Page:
What to Know Before Seeing ‘Doctor Strange in the Multiverse of Madness’
Why do Wanda Maximoff and our title hero seem to be zombies, and what is the Darkhold? Here’s a rundown and a viewing guide to help.
It was already challenging enough to keep up with the 27 films and half-dozen Disney+ TV shows in the Marvel Cinematic Universe. But now, in “Doctor Strange in the Multiverse of Madness,” out Friday, you also have to keep track of multiple versions of Dr. Strange (Benedict Cumberbatch) and Wanda Maximoff (Elizabeth Olsen), also known as the Scarlet Witch. And who knows who else — it is the multiverse, after all, so there are multiple versions of, well, everyone.
The trailers for “Multiverse of Madness” have made it out to be a crossover event that’s maybe not “Avengers: Endgame”-level, but certainly close. Eagle-eyed fans will have spotted connections to “WandaVision,” “Loki” and even zombie versions of a few characters, apparently from Episode 5 of the lesser-known Disney+ animated series “What If … ?,” as well as the M.C.U. debut of Patrick Stewart’s Professor X, the founder of the X-Men.
It’s easy to feel overwhelmed with more than three days’ worth of M.C.U. content, and there is, of course, the bare minimum option of watching the first “Doctor Strange” film and calling it a day. But those who didn’t watch “WandaVision” may be left going “Westview what?” after the new movie.
Here’s a guide to the five films and series you might want to brush up on before heading to the theater.
‘Doctor Strange’ (2016)
‘Avengers: Infinity War’ (2018)
In Dr. Strange’s “Avengers” debut, he is kidnapped by Ebony Maw, who is after the Time Stone. Tony Stark and Peter Parker eventually rescue him, and it becomes evident how much more powerful he has become since “Doctor Strange,” as he holds his own against Thanos, the Eternal-Deviant warlord, despite possessing only a single Infinity Stone compared with Thanos’s four. Strange also breaks the rules and looks forward in time to see all the possible scenarios in which the Avengers win.
When we last saw Wanda, in the finale’s post-credits scene, she’d just lost the versions of Vision and her twin sons she’d magically created, which led her to embrace her identity as the Scarlet Witch and begin exploring the Darkhold, a book of spells that could allow her to reunite with her now-nonexistent family.
In “Multiverse of Madness,” a distraught Wanda is still struggling to process the original Vision’s death in “Avengers: Infinity War,” as well as her attempt to escape it in the fantasy she created in “WandaVision.” In one of the trailers, she is greeted by her sons in their Westview home, though Wanda’s voice-over identifies the apparently joyful reunion only as a recurring dream.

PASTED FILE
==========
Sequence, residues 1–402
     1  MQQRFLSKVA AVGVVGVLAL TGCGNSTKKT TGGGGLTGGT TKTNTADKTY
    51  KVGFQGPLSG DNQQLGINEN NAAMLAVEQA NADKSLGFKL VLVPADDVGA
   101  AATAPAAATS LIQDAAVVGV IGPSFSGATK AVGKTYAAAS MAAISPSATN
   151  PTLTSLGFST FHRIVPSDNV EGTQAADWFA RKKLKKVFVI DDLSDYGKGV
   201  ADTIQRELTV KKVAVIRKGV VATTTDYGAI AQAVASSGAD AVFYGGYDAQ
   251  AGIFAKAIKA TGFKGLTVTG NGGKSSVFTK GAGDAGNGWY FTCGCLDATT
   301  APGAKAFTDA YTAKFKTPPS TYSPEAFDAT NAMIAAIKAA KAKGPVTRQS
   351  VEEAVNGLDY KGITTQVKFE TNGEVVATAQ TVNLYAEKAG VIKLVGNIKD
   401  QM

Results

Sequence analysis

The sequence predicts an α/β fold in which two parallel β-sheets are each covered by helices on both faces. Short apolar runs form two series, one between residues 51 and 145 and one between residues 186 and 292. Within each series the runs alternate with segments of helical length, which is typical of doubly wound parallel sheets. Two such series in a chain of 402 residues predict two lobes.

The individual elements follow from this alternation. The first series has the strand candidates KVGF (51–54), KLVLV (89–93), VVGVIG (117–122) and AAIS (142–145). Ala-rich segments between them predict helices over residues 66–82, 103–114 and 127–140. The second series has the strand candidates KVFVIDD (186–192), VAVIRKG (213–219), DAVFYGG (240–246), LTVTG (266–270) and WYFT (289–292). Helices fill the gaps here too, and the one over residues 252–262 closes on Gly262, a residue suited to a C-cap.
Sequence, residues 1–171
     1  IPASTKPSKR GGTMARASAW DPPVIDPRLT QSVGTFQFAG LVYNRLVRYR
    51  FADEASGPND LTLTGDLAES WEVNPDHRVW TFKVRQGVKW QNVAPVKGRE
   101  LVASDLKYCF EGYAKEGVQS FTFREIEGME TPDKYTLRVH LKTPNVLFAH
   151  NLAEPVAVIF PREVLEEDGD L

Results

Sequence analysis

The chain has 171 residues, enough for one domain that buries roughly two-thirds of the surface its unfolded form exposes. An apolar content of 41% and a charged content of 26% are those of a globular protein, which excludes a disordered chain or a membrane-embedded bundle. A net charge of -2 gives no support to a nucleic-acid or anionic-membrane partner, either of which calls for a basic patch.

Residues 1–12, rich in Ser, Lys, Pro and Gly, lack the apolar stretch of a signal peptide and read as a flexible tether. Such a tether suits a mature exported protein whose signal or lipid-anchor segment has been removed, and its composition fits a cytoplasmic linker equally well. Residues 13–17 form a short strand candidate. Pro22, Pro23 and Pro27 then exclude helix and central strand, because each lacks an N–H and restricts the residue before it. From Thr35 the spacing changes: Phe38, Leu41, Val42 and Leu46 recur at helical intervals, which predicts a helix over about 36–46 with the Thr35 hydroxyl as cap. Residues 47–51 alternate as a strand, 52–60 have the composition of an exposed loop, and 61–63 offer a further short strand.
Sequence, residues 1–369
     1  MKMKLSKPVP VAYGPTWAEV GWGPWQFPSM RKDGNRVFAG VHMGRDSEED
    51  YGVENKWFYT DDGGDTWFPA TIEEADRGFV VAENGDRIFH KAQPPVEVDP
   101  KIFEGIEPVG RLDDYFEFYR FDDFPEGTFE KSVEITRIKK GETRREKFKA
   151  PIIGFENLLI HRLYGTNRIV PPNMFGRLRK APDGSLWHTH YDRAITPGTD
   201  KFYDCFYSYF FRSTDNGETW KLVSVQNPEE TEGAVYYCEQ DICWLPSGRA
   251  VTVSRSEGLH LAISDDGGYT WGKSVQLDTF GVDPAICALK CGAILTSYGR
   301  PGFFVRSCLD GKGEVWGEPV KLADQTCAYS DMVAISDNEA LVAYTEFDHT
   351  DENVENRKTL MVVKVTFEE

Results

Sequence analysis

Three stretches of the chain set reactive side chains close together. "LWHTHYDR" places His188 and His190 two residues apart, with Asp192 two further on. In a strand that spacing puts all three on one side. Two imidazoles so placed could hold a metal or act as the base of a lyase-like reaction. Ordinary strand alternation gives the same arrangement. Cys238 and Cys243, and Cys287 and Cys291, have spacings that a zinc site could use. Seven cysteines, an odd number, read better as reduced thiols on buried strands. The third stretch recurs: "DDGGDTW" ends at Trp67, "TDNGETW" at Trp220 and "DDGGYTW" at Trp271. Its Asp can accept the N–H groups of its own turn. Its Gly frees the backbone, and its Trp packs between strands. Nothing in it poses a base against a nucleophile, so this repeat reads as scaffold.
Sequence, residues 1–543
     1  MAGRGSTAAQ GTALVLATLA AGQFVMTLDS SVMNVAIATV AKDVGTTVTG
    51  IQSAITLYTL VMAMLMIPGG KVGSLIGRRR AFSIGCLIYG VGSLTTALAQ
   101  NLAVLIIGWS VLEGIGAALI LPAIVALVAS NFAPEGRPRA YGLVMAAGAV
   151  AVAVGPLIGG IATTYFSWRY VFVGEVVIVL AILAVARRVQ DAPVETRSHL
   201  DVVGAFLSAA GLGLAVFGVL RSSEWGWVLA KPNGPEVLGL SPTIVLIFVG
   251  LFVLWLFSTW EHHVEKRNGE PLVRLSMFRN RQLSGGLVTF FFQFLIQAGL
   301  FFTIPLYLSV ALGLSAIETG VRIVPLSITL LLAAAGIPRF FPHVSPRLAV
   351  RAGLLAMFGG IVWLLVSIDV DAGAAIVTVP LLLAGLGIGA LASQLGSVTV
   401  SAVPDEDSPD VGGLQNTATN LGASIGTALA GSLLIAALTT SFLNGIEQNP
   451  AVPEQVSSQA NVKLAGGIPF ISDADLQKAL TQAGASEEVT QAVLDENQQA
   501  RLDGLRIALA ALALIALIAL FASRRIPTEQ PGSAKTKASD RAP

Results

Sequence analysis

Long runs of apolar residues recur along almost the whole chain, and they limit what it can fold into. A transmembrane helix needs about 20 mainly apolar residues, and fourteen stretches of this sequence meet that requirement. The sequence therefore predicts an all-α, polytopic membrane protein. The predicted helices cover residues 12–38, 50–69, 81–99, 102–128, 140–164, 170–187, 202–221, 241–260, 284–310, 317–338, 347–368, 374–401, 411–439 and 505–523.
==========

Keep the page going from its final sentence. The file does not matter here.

‘What If … ?’ (2021)
While it initially seemed, from his trailer appearance, as though the Strange Supreme variant would be a main antagonist of “Multiverse of Madness,” Cumberbatch said in a recent interview that the character was not, in fact, Strange Supreme but an even more menacing version: Sinister Strange.
Still there are other “What If … ?” variants who seem to appear in “Multiverse of Madness,” including a live-action version of Captain Carter (voiced by Hayley Atwell in “What If … ?”), a Peggy Carter variant who received the super-soldier serum instead of Steve Rogers and appeared in a trailer fighting a variant of the Scarlet Witch. Also returning: the terrifying Zombie Wanda and Zombie Dr. Strange from Episode 5 (“What If … Zombies?!”), which probably explains why “Multiverse of Madness” is being billed as the M.C.U.’s first horror film. Episodes 8 and 9 also show Ultron discovering multiple realities and seeking to conquer them.
‘Spider-Man: No Way Home’ (2021)
Bonus: ‘Loki’ (2021)
Will we see the hopelessly bureaucratic Time Variance Authority, an organization that polices time travel to prevent branching timelines, show up to bust some time travelers in “Multiverse of Madness”? The stand-alone “Loki” series, which takes place in an alternate M.C.U. timeline, also explains the idea of variants from different timelines (among them: Richard E. Grant’s Classic Loki and Alligator Loki).